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The macroeconomics of government finance

In: Handbook of Monetary Economics


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  • Haliassos, Michael
  • Tobin, James


This chapter is a critical survey of literature on the implications of government financial policy for economic activity. The central question is whether the mode of financing of a given path of real government purchases -- by taxes, non-monetary debt issue, or money creation -- has real effects, in particular real effects of macroeconomic consequence.In Section 1, the Introduction, we define the issues with greater detail and precision. We briefly review economists' views, over the past fifty years, of the burden of public debt and the neutrality of money. Section 2 is a review of the 1960s vintage mainstream macroeconomics of fiscal and monetary policies, often called the "neoclassical synthesis". We review its implications for both short-run fluctuations and long-run trends. We include this review because the earlier tradition covers some problems and issues now neglected, because its analyses and results may still have some validity, and because they did set the stage for -- one might say they provoked or inspired -- the recent literature surveyed in Sections 4-6. The earlier tradition and the recent literature differ in methodology, and in Section 3 we discuss the "microfoundations" methodology that dominates contemporary macroeconomics.Sections 4-6 are a selective critical survey of recent contributions, theoretical and empirical, designed to summarize the current state of play on the central issues: Section 4, the debt neutrality hypothesis of Robert Barro; Section 5, the effects of financing government expenditures by printing money rather than taxing, monetary superneutrality, and the "Fisher effect" of inflation on interest rates; Section 6, open market operations, and shifts between bond- and money-financing of government expenditures induced by the adoption of financial policies which are unsustainable over the longer run. In each section we first set forth the neutrality theorems purporting to show the irrelevance of the financing choice. Then we discuss articles elaborating or criticizing the theorems. In each case we conclude with a review and evaluation of some empirical tests. We conclude in Section 7 with short summary remarks.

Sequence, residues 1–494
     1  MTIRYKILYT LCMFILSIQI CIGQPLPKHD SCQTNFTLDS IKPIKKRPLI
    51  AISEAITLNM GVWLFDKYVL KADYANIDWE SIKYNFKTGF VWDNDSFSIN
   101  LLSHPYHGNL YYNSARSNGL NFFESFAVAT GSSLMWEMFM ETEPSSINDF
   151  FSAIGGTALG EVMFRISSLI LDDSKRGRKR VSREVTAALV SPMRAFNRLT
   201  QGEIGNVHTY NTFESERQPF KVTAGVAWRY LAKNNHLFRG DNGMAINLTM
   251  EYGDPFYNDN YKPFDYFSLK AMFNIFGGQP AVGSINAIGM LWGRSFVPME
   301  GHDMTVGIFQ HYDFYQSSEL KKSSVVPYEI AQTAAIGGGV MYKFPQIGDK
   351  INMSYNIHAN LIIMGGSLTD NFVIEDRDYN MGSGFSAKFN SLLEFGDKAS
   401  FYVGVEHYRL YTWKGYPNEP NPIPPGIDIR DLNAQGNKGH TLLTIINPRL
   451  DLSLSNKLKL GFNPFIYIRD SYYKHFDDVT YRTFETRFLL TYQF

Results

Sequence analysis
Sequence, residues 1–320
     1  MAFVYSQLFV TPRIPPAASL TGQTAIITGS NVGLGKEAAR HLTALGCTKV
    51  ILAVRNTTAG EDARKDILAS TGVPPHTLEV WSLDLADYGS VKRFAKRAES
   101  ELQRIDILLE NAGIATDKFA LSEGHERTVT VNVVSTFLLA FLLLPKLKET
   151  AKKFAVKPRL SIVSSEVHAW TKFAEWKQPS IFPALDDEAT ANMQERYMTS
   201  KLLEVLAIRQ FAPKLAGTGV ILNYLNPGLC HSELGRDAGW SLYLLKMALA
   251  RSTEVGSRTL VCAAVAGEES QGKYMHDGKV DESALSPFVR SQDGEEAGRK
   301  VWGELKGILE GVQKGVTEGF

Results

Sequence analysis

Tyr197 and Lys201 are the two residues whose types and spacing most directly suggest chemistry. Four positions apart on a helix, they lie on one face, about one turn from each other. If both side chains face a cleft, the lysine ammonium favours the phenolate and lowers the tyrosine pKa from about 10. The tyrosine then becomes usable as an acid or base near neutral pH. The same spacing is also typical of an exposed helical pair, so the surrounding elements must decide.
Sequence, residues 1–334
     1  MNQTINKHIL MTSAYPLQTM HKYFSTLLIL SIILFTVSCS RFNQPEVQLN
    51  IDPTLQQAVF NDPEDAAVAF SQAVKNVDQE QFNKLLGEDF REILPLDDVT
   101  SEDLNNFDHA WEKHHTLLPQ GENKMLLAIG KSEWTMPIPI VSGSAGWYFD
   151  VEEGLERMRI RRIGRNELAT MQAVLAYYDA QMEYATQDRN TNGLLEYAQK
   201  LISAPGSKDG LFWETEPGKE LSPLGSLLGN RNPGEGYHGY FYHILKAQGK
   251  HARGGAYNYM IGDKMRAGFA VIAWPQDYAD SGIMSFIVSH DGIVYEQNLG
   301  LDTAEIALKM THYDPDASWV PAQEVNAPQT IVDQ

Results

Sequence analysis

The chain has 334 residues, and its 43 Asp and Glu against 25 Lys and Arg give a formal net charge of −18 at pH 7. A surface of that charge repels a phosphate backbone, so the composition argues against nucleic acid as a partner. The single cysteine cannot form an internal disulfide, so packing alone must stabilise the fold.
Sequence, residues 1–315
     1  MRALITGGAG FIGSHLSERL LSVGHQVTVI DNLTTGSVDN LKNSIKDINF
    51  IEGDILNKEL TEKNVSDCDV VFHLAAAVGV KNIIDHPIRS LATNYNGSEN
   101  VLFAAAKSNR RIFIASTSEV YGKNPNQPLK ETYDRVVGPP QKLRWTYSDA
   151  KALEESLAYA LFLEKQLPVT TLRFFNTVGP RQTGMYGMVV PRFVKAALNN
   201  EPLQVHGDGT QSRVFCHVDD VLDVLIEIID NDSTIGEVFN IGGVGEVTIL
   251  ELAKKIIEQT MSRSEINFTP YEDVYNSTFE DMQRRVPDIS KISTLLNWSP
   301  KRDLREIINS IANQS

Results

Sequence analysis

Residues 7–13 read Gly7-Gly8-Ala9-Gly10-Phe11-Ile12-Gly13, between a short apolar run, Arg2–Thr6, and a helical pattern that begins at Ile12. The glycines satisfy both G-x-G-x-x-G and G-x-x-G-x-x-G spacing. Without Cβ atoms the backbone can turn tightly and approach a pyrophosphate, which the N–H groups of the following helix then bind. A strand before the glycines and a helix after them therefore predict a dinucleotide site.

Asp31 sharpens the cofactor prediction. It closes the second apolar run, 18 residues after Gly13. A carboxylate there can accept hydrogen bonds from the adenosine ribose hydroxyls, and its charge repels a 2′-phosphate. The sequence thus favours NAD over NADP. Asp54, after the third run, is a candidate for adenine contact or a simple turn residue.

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This chapter was published in:

  • B. M. Friedman & F. H. Hahn (ed.), 1990. "Handbook of Monetary Economics," Handbook of Monetary Economics, Elsevier, edition 1, volume 2, number 2, January.
    This item is provided by Elsevier in its series Handbook of Monetary Economics with number 2-17.

    Handle: RePEc:eee:monchp:2-17

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    Cited by:
    1. Gabor Oblath & Akos Valentinyi, 1993. "Macroeconomic Policy, Liberalization and Transition: Hungary's Case," CASE Network Studies and Analyses 0008, CASE-Center for Social and Economic Research.
    2. Azizi, Karim & Canry, Nicolas & Chatelain, Jean-Bernard & Tinel, Bruno, 2013. "Government Solvency, Austerity and Fiscal Consolidation in the OECD: A Keynesian Appraisal of Transversality and No Ponzi Game Conditions," EconStor Preprints 72550, ZBW - German National Library of Economics.
    3. D'Ecclesia, Rita L. & Zenios, Stavros A., 2005. "Estimation of asset demands by heterogeneous agents," European Journal of Operational Research, Elsevier, vol. 161(2), pages 386-398, March.
    4. Jamee K. Moudud & Ajit Zacharias, 1999. "The Social Wage, Welfare Policy, and the Phases of Capital Accumulation," Economics Working Paper Archive wp_291, Levy Economics Institute.
    5. Thorbecke, Willem, 2002. "Budget deficits, inflation risk, and asset prices," Journal of International Money and Finance, Elsevier, vol. 21(4), pages 539-553, August.
    6. Alberto Bagnai, 2004. "Keynesian and neoclassical fiscal susteinability indicators, with applications to EMU member countries," Working Papers 75, University of Rome La Sapienza, Department of Public Economics.
    7. Zeinab Partow, . "Una revisión de la Literatura sobre los Costos de la Inflación," Borradores de Economia 032, Banco de la Republica de Colombia.
    8. Koustas, Zisimos & Serletis, Apostolos, 1999. "On the Fisher effect," Journal of Monetary Economics, Elsevier, vol. 44(1), pages 105-130, August.
    9. Rudi Dornbusch, 1996. "Debt and Monetary Policy: The Policy Issues," NBER Working Papers 5573, National Bureau of Economic Research, Inc.
    10. Jamee K. Moudud & Ajit Zacharias, 2000. "Finance in a Classical and Harrodian Cyclical Growth Model," Macroeconomics 0004037, EconWPA.


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